- How to Design a CRISPR Experiment and Start Genome Editing
- How to Confirm Your CRISPR-cas9 Genome Editing Was Successful
Optimizing a CRISPR-Cas9 protocol can be challenging and time consuming. But with skill, luck and perseverance, you can do it! It is an incredibly useful technique. If you can perform it for colleagues or give tutorials, it can even help boost your CV and research profile with collaborations or co-authorship on papers.
It Is Not Always Efficient
Editing efficiency can be influenced by many factors and can severely hamper your efforts in any genome editing experiment. Editing efficiency essentially describes the percentage of cells that have been successfully edited in your culture vessel. An editing efficiency of less than 100% is by no means a disaster, but it does mean that you need to interpret your results carefully. Any subtle effect of your editing may be masked by the unedited cells within your population.
There are ways to prevent this. The most common method is to include selection markers in your Cas9 expression vector, and to select the population of cells that have successfully been transfected. However, this approach has two main potentially fatal caveats:
- Your cells may no longer behave ‘normally’ in the presence of toxic selection with antibiotics.
- If your cells do not readily divide or expand in culture, then the selection of a sub-population of your cells may limit the number of cells that you have to work with.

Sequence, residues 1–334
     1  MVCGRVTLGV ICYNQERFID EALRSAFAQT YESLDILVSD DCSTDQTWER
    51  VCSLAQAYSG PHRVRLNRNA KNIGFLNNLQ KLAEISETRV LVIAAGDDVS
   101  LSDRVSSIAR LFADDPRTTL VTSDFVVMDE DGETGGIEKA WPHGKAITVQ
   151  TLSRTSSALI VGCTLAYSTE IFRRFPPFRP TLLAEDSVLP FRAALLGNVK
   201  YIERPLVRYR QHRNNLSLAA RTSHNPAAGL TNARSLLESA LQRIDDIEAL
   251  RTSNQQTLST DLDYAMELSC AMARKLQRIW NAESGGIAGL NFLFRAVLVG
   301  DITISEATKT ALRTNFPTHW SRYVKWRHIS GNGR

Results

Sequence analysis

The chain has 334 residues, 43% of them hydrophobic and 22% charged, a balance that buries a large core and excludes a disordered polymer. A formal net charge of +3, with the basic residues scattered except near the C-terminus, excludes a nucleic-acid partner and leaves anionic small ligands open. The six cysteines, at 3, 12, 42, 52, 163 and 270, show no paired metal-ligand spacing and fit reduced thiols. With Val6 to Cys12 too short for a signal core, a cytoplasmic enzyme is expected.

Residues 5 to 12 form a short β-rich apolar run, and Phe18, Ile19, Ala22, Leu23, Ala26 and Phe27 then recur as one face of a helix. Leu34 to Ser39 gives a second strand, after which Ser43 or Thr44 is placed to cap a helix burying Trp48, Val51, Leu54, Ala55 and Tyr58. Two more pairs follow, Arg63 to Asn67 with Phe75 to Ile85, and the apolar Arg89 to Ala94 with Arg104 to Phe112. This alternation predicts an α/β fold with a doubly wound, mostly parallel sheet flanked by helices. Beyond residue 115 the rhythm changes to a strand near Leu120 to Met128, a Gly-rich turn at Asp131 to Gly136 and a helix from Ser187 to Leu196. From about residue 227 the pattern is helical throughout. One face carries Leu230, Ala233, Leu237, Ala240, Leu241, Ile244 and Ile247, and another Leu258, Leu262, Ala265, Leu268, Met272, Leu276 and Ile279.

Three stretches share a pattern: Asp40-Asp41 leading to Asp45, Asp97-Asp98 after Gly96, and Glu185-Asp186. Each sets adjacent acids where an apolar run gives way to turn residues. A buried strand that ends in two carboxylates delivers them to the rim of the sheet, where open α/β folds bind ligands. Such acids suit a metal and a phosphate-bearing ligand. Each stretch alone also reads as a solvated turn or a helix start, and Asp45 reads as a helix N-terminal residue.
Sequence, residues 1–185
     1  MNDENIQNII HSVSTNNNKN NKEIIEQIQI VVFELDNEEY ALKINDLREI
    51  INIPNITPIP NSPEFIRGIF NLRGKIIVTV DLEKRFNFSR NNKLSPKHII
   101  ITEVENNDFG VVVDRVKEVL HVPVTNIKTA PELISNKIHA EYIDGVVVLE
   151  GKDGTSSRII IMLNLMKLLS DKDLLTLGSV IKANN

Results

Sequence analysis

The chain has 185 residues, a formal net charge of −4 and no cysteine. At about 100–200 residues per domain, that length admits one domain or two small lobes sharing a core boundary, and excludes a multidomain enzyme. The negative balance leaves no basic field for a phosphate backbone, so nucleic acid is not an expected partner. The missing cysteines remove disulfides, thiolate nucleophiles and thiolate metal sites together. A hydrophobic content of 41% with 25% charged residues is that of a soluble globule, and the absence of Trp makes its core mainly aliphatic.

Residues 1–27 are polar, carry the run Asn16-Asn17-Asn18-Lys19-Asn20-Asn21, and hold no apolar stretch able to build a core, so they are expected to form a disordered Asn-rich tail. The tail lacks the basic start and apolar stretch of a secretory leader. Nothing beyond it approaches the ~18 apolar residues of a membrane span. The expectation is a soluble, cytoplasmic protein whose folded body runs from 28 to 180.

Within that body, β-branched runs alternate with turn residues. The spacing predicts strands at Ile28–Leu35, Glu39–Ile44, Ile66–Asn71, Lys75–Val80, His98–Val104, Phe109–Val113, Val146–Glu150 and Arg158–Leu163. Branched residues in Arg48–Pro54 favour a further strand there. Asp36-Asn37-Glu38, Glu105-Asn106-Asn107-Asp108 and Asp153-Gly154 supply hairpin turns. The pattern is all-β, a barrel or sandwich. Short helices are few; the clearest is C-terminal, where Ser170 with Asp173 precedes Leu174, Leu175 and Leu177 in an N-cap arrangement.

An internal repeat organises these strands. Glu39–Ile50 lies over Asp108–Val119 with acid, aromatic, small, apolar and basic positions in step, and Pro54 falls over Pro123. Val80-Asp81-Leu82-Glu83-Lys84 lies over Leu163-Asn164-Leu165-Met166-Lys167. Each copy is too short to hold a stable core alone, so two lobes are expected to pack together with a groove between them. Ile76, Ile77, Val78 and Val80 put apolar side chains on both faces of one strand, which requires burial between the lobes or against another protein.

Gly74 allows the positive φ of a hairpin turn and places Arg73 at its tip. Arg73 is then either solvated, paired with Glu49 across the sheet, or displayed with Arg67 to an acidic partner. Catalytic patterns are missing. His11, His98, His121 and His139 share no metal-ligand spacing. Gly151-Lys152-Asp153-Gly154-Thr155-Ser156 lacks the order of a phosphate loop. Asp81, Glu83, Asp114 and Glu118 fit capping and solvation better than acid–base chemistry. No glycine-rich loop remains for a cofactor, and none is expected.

You need to be confident that low efficiency will not ruin your experiment and this should be a prominent consideration when you plan and optimize your approach.
You’ve taken all the precautions and have designed your CRISPR guide RNAs to be specific and target only the genetic region that you’re interested in. You’ve double-checked that the guide RNA sequence is unique in the genome. Cas9 should only cut at that one specific site, right? Wrong. In theory, the CRISPR-Cas9 system is incredibly specific, in practice, it is not. It can create mutations elsewhere in the genome, known as ‘off-target’ modifications. Off-target effects are random and can unduly influence other genes or regions of the genome. You need to factor this into the discussion of your results. Off-target effects can be reduced by using the modified version of Cas9, known as the Cas-9 nickase, which creates a nick in only one DNA strand rather than a double-stranded break. However, you can never be 100% confident that you don’t have any off-target effects. The consequences can be potentially catastrophic.
These are the main advantages and disadvantages of using the CRISPR-Cas9 genome editing system. Give each point due consideration before you embark on your own genome editing adventure and you’ll maximize the chances of it working for you.
- Cong et al., (2013) Multiplex Genome Engineering Using CRISPR/Cas Systems. Science, 339(6121): 819–823. doi:10.1126/science.1231143.
- Mali et al., (2013) RNA-Guided Human Genome Engineering via Cas9. Science, 339(6121): 823–826. doi:10.1126/science.1232033.